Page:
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Category: Family Law
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I have exchanged form E in a voluntary basis with my

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Good evening,I have exchanged form E in a voluntary basis with my estranged wife's solicitor. In her form E there are to letters joined related to pension. The first letter indicates 'NHS pension scheme regulations2008(as amended)' and gives CETV to be £11,362.84. The second letter indicates 'NHS pension scheme regulations2015(as amended)' and gives CETV to be £27,662.24. The amount that is declared in section 2.13 in Form E is £11.362.84. I do not understand why there are two letters (both issued 27 July 2020). Should both amounts be added up? should there be another letter for regulations updated to 2020 or 2021? I will appreciate any help to understand this.
Good evening and thank you for your question. I'm a solicitor specialising in divorce, separation and financial matters so I'd be delighted to offer some guidance.I can't take a telephone call at this moment although I can continue messaging. If you'd like to speak to somebody urgently, please let me know and I will opt out of this question and allow another expert to call.You are quite right. The 2 figures should have been added together as there are 2 separate (and recent) pension schemes that give different perks upon retirement. It's similar to a number of public sector/armed forces pension schemes.Please let me know if you need any further help. Kind regards, J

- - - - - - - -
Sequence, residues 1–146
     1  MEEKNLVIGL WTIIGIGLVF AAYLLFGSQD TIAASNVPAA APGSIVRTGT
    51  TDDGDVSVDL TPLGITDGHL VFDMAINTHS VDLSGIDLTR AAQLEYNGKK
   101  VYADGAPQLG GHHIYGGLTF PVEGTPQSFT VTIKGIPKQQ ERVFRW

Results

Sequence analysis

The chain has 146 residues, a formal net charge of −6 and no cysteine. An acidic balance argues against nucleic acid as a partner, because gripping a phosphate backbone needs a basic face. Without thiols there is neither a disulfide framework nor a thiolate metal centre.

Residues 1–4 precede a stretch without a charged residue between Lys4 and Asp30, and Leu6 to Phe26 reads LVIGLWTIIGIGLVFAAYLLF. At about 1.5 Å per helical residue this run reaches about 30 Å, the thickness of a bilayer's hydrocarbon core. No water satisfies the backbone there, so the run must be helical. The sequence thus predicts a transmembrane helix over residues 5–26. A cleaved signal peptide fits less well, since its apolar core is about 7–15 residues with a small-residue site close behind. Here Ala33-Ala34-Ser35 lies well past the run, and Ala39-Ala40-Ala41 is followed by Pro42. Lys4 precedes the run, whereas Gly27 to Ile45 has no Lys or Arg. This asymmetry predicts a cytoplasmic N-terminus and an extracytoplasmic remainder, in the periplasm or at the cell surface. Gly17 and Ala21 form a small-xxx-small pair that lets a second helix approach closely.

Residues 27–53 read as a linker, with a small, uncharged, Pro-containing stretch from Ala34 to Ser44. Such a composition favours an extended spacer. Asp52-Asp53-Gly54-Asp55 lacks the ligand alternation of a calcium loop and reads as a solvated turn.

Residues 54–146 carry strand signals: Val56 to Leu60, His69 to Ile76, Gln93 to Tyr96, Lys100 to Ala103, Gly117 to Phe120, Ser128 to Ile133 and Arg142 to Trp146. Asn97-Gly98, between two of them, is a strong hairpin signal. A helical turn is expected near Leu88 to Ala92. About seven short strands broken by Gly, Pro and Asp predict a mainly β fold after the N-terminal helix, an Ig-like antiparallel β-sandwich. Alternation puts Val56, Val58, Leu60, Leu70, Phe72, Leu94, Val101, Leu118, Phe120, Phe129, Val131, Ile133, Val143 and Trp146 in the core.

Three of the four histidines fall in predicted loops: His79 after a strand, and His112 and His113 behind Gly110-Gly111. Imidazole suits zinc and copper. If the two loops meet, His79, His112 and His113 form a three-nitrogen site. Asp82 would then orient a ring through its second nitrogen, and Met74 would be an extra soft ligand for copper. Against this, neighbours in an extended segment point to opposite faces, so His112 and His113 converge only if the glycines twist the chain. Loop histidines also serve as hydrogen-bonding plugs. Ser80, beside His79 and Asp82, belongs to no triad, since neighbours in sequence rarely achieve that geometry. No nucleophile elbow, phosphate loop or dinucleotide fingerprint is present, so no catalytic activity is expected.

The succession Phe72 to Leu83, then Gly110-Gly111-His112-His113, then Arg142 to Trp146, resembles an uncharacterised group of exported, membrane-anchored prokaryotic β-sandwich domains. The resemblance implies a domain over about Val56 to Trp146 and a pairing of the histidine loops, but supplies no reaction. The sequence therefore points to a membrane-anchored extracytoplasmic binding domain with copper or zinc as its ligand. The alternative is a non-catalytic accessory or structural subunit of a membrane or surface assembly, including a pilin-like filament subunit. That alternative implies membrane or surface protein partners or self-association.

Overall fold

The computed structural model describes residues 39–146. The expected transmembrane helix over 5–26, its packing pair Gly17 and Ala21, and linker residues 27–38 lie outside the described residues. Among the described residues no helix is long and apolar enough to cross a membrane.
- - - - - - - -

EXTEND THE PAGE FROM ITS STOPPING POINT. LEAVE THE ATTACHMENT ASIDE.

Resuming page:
Customer: replied 11 days ago.
Many thanks for your answer. regarding the fact that one letter is '2008(as amended)' and the second '2015(as amended)', is it to expect that there should be another CETV value for 2020 or 2021?
Both letters should have a date that the CETV was calculated. If the actual letter is fairly recent, there's a good chance that the CETV is up to date.There's only the 1995/2008 scheme and 2015 scheme. There's no 2020 and 2021 pension scheme.
Customer: replied 10 days ago.
Many thanks indeed for the clarification. Even adding up both amounts (£39025.08) there is a clear difference with my CE (£99209.56). What are the chances this can be a point of disagreement to agree a clean break. What could her solicitor ask and how can I prepare?
Hello again. I don't know how many years you've been married and how much of that pension was acquired pre-marriage. Furthermore, other factors include her income and employment opportunities.Ultimately, I cannot give you specific legal advice under the terms of the Just Answer Agreement. What I can say is that there is clearly a discrepancy and, in the event of a longish marriage, she will be looking for a pension share to redress the inequality in pensions. You have the choice of agreeing a share or pushing for an offset in lieu of a pension share. For example, you might decide to offer her a greater share of the equity from the sale of the house in return for not touching your pension. If you want a really accurate figure as to how much you should give in pension sharing, you should appoint a pension actuary to prepare a report. They will charge about £1500 - £2000 on average.I hope that information helps you make a decision. Kind regards, J